There is a saying that the only two inevitable things in life are death and taxes. With death being such an inevitability, there should be no excuse for anyone to die without having a valid will in place. Many people think that just because they are young they do not need to bother with having a will, however death can sometimes be untimely, so it’s best to always be prepared.
Why make a will?
By drafting a Will, you can provide your family and friends with specific instructions about your wishes. This can reduce the stress on your loved ones in an already difficult time. By not having a will you give up the right to choose who will inherit your assets, the amount each person will get, and when they will get it. A will also allows you to state a preference on who would be the guardian of your children in the event of your death.Â
A benefit of having a will is that you can appoint an Estate Trustee who has the power to deal with your estate instantly after your death. Without a will, no one has that authority until the court appoints someone. Having to go to court can cause long delays, resulting in unnecessary hardship and expense for your family.
What makes a will valid?
In order for a will to be deemed valid it needs to be dated, signed by the testator (the person who is writing the will) and two witnesses that do not stand to benefit from anything in the will. For example a witness can be a friend, a next-door neighbour or an employee at a law firm, should you choose to go through a lawyer.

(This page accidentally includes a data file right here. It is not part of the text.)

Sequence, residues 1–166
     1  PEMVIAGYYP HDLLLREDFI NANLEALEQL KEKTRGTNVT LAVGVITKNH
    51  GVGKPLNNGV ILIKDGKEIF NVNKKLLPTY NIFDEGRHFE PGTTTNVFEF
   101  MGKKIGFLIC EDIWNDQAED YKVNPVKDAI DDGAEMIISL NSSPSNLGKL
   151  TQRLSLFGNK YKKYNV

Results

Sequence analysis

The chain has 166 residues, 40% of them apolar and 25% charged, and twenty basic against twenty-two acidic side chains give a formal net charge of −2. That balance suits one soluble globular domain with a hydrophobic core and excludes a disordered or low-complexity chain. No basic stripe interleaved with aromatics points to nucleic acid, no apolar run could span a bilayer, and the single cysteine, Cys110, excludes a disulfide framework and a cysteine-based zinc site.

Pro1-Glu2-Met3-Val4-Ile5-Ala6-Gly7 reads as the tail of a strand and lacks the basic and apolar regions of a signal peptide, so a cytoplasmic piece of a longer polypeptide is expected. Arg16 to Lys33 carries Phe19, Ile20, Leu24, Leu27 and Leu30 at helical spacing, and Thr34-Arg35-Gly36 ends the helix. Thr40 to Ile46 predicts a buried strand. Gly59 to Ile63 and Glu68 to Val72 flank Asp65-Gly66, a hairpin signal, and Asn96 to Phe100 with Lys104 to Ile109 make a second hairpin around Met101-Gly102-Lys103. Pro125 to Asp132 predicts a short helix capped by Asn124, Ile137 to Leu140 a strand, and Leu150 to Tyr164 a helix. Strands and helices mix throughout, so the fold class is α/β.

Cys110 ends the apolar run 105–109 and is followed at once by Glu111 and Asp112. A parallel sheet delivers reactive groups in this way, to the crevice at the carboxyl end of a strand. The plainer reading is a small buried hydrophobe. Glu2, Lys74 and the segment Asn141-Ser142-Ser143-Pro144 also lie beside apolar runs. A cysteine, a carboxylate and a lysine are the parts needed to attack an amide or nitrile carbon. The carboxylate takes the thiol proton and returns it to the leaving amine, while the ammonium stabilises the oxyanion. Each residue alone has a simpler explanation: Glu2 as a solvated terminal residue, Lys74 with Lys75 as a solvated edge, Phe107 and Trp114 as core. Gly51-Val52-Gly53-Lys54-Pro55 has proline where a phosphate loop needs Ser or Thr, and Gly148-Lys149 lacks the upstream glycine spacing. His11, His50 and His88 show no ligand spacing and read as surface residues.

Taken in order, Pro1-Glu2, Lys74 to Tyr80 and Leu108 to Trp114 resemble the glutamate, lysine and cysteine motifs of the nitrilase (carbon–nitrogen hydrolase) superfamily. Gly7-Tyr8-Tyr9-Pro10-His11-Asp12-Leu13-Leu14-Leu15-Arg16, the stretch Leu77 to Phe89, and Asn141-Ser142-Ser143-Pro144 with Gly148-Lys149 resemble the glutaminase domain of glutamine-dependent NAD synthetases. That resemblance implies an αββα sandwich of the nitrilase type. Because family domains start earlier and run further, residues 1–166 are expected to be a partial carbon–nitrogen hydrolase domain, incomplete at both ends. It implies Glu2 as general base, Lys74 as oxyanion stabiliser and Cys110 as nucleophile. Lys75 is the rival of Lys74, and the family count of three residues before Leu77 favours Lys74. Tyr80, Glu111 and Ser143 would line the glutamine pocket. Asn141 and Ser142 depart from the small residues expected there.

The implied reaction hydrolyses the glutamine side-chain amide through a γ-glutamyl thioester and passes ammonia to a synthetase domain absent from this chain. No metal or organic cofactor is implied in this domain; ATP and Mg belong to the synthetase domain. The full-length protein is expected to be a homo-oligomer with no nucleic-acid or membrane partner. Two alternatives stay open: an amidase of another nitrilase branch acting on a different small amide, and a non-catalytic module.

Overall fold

Sometimes a will can be handwritten instead of typed. However a handwritten will, known as a holograph will, may be placed under harsher scrutiny to prove it is in fact the handwriting of the deceased. A holograph will does not need to be witnessed; however it is highly recommended. The most important part of a holograph will is that it be entirely handwritten, signed and dated.
What happens if you die without a will?
If you die without a will, you will be considered to have died intestate. In such a case, your estate will be distributed according to the law, not according to your personal wishes. If you always wanted your son to have your baseball card collection, or if you really wanted your antique car to go to your sister, unfortunately none of these bequests will be granted because it was not laid out properly in a will.
In Ontario, your property would pass to your relatives through a statutory scheme under Ontario’s Succession Law Reform Act. Under this law, the first $200,000.00 of your estate (the preferential share) will go to your surviving spouse, should you have one, and any remaining money in your estate will be divided between your surviving spouse and any children you have. if your estate does not exceed $200,000.00, then your children will be left with nothing after your spouse receives their preferential share.
Having a will is particularly important if you are not married or are in a common law relationship, or if you have very little family. Common law spouses do not have a statutory right to share in the deceased’s estate, and where there are no surviving relatives, and no will, the Government may inherit your property.
Having a legal will in place is an important safeguard for you and for your family. Don’t leave anything up to chance when it comes to your estate. Have a will in place to protect your assets and allow for your wishes to be followed after you pass away.